Creditors of embattled South African company Steinhoff International Holdings have decided to give room to the retailer from its debt obligations, while it concludes a debt restructuring.
Steinhoff confirmed this on Tuesday, adding that holders of 75 percent, 83 percent and 75 percent of three convertible bonds have agreed to a standstill agreement on debt claims. Prior to this development, the company announced plans to undergo restructuring to put creditors at ease, which would include measures such as fixing the maturity for all loans at three years from the restructuring date.
In May, the retailer announced it repaid $2.34 billion of its debt in Africa since the beginning of this year. This follows the repayment of $1.26 billion in shareholder loans by its local unit, which was obtained from the proceeds of a fundraising.
“Save for working capital facilities of the automotive business and the African properties division, the group has no remaining African debt,” it said in a statement. Funds raised by its local unit Steinhoff Africa Retail (STAR) from South African financial institutions was used to repay the loan which was provided by Steinhoff as part of STAR’s listing in September 2017.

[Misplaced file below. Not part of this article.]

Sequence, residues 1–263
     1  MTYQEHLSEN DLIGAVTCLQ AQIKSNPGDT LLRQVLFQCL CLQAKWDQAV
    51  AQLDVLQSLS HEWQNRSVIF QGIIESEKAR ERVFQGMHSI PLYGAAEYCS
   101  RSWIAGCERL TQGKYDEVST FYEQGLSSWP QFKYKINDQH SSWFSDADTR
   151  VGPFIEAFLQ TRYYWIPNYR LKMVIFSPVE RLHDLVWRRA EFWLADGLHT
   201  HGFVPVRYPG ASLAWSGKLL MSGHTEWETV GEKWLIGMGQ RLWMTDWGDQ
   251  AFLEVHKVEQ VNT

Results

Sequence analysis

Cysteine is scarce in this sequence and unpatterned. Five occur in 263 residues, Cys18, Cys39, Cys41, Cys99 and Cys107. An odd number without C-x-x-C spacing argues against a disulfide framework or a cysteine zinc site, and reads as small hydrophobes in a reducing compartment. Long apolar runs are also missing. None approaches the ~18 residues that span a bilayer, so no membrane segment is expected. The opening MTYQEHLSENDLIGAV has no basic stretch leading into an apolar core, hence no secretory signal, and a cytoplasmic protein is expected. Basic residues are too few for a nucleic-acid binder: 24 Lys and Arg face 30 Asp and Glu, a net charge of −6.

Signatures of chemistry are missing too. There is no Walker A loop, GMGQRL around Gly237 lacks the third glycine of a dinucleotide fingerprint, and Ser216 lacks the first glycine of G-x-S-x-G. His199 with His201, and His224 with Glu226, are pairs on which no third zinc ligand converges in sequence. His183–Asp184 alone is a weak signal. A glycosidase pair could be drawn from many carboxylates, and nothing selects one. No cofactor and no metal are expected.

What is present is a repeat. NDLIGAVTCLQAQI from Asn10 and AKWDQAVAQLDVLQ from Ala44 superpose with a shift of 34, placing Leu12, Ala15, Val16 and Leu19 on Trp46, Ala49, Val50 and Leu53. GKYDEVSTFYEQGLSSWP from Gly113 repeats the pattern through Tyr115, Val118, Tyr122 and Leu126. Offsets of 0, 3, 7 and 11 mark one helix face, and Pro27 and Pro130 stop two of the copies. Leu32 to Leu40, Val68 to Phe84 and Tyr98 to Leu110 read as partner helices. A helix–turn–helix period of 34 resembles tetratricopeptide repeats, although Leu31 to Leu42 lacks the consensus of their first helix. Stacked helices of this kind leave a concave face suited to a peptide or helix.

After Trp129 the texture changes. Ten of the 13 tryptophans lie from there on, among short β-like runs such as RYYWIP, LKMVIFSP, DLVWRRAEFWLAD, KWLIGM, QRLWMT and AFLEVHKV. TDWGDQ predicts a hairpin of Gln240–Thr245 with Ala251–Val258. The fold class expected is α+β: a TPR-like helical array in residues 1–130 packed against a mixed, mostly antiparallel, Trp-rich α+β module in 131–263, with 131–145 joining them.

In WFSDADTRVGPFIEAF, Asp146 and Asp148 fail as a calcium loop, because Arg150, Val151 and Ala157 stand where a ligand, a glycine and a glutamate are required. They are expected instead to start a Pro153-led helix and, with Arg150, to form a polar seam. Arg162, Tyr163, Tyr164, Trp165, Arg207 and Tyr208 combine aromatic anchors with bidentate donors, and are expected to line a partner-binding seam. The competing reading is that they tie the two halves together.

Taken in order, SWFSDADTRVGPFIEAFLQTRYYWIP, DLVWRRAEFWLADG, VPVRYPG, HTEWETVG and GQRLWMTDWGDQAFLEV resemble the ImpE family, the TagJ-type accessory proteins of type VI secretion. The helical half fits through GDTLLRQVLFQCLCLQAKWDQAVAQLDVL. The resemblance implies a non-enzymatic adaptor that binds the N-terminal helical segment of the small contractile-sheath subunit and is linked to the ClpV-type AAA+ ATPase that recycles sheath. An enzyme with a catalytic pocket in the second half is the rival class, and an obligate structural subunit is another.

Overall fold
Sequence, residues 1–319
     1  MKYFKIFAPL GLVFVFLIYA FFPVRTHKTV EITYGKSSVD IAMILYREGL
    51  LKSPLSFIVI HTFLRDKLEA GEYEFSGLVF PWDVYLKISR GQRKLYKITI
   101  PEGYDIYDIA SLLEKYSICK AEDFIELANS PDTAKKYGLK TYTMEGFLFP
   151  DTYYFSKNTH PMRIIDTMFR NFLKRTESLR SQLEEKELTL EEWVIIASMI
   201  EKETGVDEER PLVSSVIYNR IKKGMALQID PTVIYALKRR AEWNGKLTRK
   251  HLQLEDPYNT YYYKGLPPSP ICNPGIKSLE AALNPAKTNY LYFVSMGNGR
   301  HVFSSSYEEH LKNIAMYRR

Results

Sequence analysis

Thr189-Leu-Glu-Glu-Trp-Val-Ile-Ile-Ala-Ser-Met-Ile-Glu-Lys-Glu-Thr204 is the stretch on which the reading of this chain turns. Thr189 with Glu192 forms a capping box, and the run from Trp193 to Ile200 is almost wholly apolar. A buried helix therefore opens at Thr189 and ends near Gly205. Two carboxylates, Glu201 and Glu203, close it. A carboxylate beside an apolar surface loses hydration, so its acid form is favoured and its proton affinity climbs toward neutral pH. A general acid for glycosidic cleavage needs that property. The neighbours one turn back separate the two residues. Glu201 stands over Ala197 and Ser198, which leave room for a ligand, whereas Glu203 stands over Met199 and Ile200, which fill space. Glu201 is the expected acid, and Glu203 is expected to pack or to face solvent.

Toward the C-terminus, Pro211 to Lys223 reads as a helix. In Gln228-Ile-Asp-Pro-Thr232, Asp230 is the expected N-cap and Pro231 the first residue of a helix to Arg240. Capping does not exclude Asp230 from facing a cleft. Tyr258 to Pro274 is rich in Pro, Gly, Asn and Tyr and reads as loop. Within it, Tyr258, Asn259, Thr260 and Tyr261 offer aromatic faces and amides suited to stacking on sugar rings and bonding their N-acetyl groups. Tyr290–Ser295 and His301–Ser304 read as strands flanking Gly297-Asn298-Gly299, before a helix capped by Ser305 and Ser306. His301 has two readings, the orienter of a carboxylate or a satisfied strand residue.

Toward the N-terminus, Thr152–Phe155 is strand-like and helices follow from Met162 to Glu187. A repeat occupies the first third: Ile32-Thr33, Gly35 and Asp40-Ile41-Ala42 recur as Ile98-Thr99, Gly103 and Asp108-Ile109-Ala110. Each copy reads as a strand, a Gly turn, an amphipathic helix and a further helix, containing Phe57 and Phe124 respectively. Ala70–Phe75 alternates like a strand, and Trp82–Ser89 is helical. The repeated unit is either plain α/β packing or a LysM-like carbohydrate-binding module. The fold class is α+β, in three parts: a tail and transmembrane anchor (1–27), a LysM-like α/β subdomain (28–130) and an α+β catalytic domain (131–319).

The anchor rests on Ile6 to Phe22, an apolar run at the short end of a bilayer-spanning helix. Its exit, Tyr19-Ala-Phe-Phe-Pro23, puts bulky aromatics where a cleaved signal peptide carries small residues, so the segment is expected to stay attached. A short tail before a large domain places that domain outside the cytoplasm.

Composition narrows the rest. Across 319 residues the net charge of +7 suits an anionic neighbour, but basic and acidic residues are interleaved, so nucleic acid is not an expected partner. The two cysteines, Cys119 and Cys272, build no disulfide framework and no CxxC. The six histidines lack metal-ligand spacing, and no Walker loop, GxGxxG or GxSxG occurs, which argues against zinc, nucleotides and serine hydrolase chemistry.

Steinhoff, which is fighting for survival after discovering holes its books six months ago, however, still has about 8.7 billion Euros of debt attributable to Europe and 25 million Euros to the U.S. operations.
Since it discovered accounting irregularities in December 2017, the retailer has been fighting for survival. The accounting scandal sparked a sell-off in its shares, wiping more than $10 billion off its stock market value and opened its door to multiple investigations globally.
South African tycoon and owner of Shoprite Christo Wiese, in April, launched a $4.8 billion lawsuit against Steinhoff Holdings over investments he made prior to the accounting scandal that rocked the company. The billionaire is looking to obtain the value of the investments he made before the share price crashed amid the accounting scandal, his investment company Titan Group informed Blomberg.
Following news that Wiese intended to sue Steinhoff, Mail & Guardian reported that the company’s share price fell by more than 13% to trade at R1.92 at market close, making it the first time the group’s shares have traded below R2.00.